In March, Doha Bank said it would issue Tier 1 capital enhancing bonds with a perpetual tenor and an option for the bank to redeem them after six years.
Doha Bank, Qatar’s fifth-largest bank by assets, said yesterday it raised QR2bn ($549mn) through a capital-boosting bond, the latest Gulf lender to tap debt markets to replenish reserves after a period of strong growth.
The statement gave no further details of the bond except to say it was issued on June 30 and would enhance its Tier 1, or core, capital.
In March, the bank said that it would issue Tier 1-enhancing bonds with a perpetual tenor—meaning no fixed redemption date—and an option for the bank to redeem them after six years.
The announcement follows Qatar Islamic Bank, the Gulf state’s largest Shariah-compliant lender by assets, which said earlier this week it had raised QR2bn through a Tier 1 perpetual sukuk offering.
Qatari banks have been able to build their loan books at a fast pace in recent years as the Gulf state spends billions of dollars developing infrastructure and preparing to host the 2022 soccer World Cup.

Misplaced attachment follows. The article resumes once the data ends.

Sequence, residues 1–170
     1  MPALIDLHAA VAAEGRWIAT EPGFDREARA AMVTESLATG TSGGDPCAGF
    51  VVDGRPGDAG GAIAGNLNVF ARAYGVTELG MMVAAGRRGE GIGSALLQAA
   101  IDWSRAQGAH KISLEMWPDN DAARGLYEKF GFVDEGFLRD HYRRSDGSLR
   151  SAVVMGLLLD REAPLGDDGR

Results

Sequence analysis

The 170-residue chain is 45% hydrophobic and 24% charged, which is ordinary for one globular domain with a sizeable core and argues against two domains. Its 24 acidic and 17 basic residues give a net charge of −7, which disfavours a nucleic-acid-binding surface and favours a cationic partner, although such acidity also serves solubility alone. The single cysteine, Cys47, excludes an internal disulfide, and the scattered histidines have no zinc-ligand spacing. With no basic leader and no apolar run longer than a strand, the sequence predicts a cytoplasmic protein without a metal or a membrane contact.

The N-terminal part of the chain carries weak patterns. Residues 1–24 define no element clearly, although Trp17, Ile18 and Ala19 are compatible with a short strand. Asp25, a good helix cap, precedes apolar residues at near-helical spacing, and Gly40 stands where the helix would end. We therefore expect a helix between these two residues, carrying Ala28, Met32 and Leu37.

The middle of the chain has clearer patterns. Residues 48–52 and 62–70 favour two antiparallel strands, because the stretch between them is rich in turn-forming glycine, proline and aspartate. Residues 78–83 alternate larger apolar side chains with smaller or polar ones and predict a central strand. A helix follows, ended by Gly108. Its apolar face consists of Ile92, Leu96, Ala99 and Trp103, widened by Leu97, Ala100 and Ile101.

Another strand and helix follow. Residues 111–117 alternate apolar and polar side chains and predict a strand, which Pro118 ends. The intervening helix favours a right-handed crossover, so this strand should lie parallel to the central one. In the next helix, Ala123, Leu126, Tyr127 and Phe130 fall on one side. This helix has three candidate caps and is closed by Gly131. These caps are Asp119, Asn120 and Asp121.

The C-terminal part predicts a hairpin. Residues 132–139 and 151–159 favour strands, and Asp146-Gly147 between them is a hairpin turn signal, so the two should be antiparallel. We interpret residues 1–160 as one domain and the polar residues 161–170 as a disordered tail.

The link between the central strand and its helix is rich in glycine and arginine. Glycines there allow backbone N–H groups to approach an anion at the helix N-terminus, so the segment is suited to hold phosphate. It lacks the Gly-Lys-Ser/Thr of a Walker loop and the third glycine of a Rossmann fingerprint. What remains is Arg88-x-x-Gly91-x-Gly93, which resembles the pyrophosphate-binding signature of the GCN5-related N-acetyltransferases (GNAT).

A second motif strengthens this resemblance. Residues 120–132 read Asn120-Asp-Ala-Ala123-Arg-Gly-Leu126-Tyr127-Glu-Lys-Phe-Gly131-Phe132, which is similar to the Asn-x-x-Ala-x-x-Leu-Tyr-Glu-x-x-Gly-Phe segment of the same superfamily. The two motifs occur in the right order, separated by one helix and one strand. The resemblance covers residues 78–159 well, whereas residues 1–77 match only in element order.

Loan growth in the banking sector has slipped from advances of more than 10% seen earlier in the decade but still increased 8.2% in April, according to the latest central bank data.
Unlike European peers that have been dogged by capital concerns due to the eurozone’s struggles, Gulf banks have increasingly turned to capital-enhancing bonds for more positive reasons, seeking to build on existing growth and diversify their sources of capital.
New Basel III banking standards, due to come into full force in 2019, will also oblige banks to set aside more capital.
The conservative stance of Gulf regulators already means they have to build up bigger buffers than their Western peers.
Doha Bank total capital adequacy ratio, a combination of Tier 1 and Tier 2 capital—regarded as one of the key indicators of a bank’s health—stood at 14.67% at the end of first quarter, against a 12.5% minimum prescribed by the Qatar Central Bank. Photo Credits: Gulf Times